The absolute largest the potential market for this is are the people who are currently purchasing high latency satellite internet. That's what, a few million people in the US? Then it depends how many people fixed wireless delivered via cellular carves off before they can get it up and running. Surely that will leave a potential market of less than a million - and a shrinking market. The idea that this can compete with cellular, let alone cable broadband, on price is ridiculous. Maybe if we were starting from scratch and had to build all the towers, run all the fiber, run all the coax - that's the same reason that third world countries that never had good wired telephone service went directly to cellular. But we aren't starting from scratch, almost all that infrastructure already exists.
     
  8. Bigg

    Bigg Godfather

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    The lasers sound tricky, but 30ms is fine to compete with slow DSL or geosynchronous satellite in rural areas, do in-flight Wi-Fi, and a lot of other applications that don't directly compete with 5G.

    You're complaining about lasers on satellites being tricky, and now you're referencing AT&T's AirGig nonsense? They've been talking about that for years, and other than a few tests, they've never done anything with it, and there's no proof it will ever do much of anything. If they have sites that aren't connected to the power grid (which provides a route to run fiber), then they use microwave backhaul.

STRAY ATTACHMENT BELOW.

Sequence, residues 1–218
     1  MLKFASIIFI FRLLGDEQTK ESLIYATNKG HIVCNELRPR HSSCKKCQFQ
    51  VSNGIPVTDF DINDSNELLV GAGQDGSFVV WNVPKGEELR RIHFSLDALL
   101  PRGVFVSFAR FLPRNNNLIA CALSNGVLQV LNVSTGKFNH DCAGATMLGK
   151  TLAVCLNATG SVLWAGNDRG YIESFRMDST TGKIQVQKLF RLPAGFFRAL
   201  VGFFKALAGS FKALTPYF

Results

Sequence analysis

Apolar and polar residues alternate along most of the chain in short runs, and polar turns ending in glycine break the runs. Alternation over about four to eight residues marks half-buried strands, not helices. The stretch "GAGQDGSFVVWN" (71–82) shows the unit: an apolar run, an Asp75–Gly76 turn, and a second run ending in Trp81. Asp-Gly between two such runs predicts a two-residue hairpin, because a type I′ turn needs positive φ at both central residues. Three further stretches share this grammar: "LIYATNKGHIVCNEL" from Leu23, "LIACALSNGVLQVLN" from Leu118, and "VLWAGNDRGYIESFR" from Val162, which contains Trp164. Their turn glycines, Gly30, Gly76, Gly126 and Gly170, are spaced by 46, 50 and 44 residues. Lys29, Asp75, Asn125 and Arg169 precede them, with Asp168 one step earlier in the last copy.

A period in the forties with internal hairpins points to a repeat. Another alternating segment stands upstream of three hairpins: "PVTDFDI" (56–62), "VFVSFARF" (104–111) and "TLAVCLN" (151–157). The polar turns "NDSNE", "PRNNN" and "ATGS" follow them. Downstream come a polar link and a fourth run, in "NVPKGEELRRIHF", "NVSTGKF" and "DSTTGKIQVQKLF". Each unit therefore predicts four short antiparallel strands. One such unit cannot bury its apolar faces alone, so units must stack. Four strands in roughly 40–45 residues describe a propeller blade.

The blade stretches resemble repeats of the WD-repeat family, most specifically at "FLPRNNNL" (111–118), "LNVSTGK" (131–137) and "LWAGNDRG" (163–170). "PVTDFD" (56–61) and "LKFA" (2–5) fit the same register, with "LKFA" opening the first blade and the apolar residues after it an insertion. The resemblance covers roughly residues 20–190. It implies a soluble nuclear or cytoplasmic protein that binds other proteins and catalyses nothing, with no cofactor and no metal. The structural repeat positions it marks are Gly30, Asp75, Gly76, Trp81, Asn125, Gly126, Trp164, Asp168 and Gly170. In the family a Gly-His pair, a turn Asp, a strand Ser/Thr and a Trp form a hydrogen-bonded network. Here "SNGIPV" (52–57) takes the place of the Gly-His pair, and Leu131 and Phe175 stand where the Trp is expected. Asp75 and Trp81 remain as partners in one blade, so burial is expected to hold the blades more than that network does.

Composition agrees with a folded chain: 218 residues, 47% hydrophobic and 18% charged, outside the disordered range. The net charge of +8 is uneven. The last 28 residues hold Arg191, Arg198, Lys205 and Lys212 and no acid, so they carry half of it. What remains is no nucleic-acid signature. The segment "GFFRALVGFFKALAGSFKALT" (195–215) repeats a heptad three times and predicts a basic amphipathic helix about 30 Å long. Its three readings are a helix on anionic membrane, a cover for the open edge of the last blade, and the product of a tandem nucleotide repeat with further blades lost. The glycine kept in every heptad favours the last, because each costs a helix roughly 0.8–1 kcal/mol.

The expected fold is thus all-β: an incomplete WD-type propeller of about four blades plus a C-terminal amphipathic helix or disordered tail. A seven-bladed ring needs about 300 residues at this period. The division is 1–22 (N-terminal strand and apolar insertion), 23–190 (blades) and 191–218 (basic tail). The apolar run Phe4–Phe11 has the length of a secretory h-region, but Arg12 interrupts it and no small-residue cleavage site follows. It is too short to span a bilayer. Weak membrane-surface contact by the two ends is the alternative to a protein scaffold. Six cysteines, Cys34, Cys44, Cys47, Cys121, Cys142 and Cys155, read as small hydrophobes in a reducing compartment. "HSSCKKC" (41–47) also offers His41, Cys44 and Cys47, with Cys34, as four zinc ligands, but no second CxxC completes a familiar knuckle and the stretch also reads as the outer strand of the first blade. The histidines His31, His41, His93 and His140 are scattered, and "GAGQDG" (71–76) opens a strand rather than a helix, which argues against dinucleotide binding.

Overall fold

I could see this competing with slow DSL, and used for bus, train, and plane Wi-Fi backhaul, among other applications. It also depends on how many places still have cable broadband monopolies that are charging $75-$100/mo for cable broadband that should be $40/mo, they may be able to peel some people off there.
     
  9. NashGuy

    NashGuy Active Member

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    Um, provide double-play TV + broadband through the same connection (which is why Dish and, to a lesser extent, DirecTV, can't compete with cable). As far as LEO offering IPTV, who knows, I'm not saying that they will but I'm not sure why they wouldn't, assuming that it adds anything at all to their profit margins. Nearly every home broadband provider I'm aware of in the US chooses to also offer TV service.


    Not sure why you see 1 Gigabit service with cable-like latency (which is what LEO will supposedly offer) only being able to compete with slow DSL.

    How about you ever linking to anything at all, or providing any sort of intelligent reasoning or factual basis for your claims rather than just continually throwing stuff out there and expecting folks to believe that you're some sort of credible authority on any of this stuff?
     
  10. Bigg

    Bigg Godfather

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    Not slow DSL, although some bundles with DISH (Frontier) or DirecTV (AT&T). I suppose that they could bundle double play with their own streaming IPTV, but it seems like a lot of work to enter a dying market.